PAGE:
The Future? It's All Sewn Up. Fashion Marches on. Meet HOT YOUNG DESIGNERS with Cachet-If Not Cash

By Meadows, Susannah | Newsweek, December 30, 2002 | Go to article overview

The Future? It's All Sewn Up. Fashion Marches on. Meet HOT YOUNG DESIGNERS with Cachet-If Not Cash


Meadows, Susannah, Newsweek


Byline: Susannah Meadows

For all its supposed sophistication, the fashion industry is a lot like a beauty pageant. Girls twinkle across stages in evening gowns and swimwear. Judges lick their chops. When it's over, most of the designers have to take their clothes and go home, the crown--in the form of financial backing--having eluded them.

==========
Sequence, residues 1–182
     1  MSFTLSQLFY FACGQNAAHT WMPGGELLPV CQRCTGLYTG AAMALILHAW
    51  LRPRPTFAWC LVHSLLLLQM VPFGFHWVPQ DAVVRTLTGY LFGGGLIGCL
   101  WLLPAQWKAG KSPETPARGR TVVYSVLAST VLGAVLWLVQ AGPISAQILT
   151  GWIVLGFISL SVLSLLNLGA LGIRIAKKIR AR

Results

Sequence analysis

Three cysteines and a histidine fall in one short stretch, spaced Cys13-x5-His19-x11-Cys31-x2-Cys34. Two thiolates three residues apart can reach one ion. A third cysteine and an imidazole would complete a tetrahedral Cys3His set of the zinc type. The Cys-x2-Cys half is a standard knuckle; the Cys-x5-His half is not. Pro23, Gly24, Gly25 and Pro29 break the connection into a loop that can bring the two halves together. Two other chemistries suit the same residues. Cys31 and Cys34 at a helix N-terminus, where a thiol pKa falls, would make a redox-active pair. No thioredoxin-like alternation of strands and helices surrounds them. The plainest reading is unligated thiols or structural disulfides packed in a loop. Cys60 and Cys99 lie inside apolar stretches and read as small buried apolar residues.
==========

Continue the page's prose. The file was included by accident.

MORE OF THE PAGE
Next year's contenders are making timeless clothes with personal details--an inventive bell or whistle here and there--rather than falling back on retro styles. Most important, women feel pretty in them. While these designers hope for the funding that it takes to survive, they sell $4,000 suits at boutiques and important stores with men's names (Barneys, Jeffrey). Still working out of their apartments or tiny studios, the designers fuss over the sashay of ribbons or the hand-dying of the fabric. Esteban Cortazar flew his father in from Colombia to paint female figures on white leather. Liz Collins, who fuses knits to cotton, draws her labels on with a marker because customers crave her touch. Benjamin Cho calls his style "Cho C. …

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